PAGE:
The new dean of Columbia's College of Dental Medicine, a leading expert on the human response to pain, is ready to listen.
Christian Stohler, the dean of the University of Maryland School of Dentistry, had his first talk with faculty on Thursday after being appointed last week.
“I would like to honor the unique culture of Columbia,” he said in an interview earlier this week. Listening to faculty, he said, would be one of his main priorities as dean.
Stohler added that he felt it was important to be open-minded and understand “what the institution feels about the future.”
Stohler said he admired the University’s leadership and felt that Columbia’s current administrators are “really leaders that have a bold vision for the future.”
“It’s wonderful to be part of that,” Stohler said.
In addition, Stohler hopes to encourage students to provide input and serve as leaders.
“I’m a student dean. I love the students,” hesaid. “Columbia gets absolutely spectacular students.”
Academically, Stohler said Columbia’s program is advanced in that it integrates the fields of dentistry and medicine. When he started at the University of Maryland, there was no relationship between the fields.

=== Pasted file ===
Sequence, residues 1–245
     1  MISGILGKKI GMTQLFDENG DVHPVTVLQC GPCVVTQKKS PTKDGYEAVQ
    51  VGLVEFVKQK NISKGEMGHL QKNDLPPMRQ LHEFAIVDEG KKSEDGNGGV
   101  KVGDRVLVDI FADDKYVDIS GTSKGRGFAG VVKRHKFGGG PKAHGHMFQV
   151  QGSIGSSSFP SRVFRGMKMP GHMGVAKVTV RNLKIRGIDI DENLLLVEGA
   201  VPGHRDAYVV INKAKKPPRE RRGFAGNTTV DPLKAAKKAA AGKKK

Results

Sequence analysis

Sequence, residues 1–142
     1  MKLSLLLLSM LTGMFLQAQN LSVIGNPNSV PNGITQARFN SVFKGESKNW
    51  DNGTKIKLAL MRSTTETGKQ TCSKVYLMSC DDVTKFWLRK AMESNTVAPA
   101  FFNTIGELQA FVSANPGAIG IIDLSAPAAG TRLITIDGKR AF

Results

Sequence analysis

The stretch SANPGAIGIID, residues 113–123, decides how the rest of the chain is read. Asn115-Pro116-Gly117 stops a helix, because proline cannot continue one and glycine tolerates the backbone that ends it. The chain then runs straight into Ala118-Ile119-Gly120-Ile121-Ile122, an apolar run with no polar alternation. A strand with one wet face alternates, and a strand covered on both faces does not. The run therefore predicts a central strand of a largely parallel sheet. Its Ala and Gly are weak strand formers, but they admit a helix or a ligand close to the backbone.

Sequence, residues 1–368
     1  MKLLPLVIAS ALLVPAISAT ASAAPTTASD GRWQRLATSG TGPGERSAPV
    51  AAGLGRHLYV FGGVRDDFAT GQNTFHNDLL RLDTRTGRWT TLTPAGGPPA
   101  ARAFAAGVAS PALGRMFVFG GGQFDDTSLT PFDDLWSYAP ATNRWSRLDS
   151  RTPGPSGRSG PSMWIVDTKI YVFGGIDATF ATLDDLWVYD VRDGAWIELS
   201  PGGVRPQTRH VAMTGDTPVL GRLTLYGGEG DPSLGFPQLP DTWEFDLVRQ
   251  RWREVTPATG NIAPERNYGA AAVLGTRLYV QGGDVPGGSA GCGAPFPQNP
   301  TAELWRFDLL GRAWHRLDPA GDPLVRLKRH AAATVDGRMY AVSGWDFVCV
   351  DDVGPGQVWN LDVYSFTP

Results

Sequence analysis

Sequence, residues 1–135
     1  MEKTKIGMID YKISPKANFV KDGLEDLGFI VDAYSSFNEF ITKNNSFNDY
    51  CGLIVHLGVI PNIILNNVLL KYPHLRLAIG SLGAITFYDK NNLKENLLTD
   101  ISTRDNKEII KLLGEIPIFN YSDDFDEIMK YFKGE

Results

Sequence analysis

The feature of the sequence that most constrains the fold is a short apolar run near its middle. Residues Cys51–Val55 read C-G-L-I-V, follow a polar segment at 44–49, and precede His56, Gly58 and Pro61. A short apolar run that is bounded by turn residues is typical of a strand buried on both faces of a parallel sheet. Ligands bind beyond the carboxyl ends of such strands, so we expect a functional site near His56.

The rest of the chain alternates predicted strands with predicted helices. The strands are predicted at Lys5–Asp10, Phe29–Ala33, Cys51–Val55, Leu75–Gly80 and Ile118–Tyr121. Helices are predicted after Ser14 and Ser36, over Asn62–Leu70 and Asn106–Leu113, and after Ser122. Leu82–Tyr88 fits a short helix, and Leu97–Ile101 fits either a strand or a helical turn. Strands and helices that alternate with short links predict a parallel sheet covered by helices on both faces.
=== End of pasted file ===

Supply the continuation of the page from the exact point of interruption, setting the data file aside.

Current diseases affecting the country such as obesity, diabetes, and chronic illnesses make the connection especially relevant, Stohler said.
“Columbia is blessed to have done the transition,” he said.
At Maryland, Stohler updated and enhanced the school’s curriculum, led construction of digital academic and clinical facilities on campus, and helped integrate dental services into the Health Center on the College Park campus, University President Lee Bollinger said in his announcement last week. He "elevated the School of Dentistry’s global prominence in academics and patient care and oversaw an expansion that made it the largest public dental school in the nation,” Bollinger added.
Stohler, who earned his DMD and Dr.Med.Dent degrees from the University of Bern in Switzerland and spent more than 20 years as a professor at the University of Michigan, has helped lead research funded by the National Institutes of Health on the human response to pain. He was also part of the team that showed that if a person believes a placebo will reduce pain, he or she experiences a corresponding reduction in pain.
Professors are looking forward to Stohler’s appointment. George White, the director of Columbia’s division of prosthodontics, said that he was impressed by Stohler’s efforts to digitize the University of Maryland.
“He’s shown that he can run and take a school to another level,” White said, adding that Columbia is a “very traditional type of school” that could benefit from a more digital focus.
“I’ve followed him since he was at Michigan and, you know, he’s done a lot,” White, who studied at Michigan, said.
Dental medicine and epidemiology professor Athanasios Zavras called Stohler an accomplished scholar with a “great record in advancing dental education."
He thought Stohler could help Columbia engage more with digital technology.
“I think there is an opportunity to expand the use of technology at the college,” Zavras said. “We hope that he will provide valuable insight.”